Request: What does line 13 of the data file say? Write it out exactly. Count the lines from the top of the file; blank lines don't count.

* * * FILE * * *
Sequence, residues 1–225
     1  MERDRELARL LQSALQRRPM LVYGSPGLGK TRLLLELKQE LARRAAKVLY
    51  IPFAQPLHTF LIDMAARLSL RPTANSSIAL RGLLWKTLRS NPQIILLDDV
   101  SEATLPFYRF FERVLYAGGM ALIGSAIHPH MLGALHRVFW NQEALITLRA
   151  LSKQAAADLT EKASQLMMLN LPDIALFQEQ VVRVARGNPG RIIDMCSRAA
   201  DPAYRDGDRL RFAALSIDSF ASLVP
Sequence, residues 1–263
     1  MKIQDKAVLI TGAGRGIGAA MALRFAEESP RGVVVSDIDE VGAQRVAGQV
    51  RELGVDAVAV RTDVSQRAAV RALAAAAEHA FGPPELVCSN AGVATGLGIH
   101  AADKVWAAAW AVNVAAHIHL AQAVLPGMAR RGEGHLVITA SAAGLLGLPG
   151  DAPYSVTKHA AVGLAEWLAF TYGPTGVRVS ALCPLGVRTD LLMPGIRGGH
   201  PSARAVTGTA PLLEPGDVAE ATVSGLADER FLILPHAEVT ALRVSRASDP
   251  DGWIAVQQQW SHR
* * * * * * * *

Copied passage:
   251  DGWIAVQQQW SHR